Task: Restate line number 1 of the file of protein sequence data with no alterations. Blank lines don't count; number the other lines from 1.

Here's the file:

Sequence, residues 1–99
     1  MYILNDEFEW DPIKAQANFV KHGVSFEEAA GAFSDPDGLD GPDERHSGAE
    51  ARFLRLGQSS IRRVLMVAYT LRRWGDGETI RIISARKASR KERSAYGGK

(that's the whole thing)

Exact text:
Sequence, residues 1–99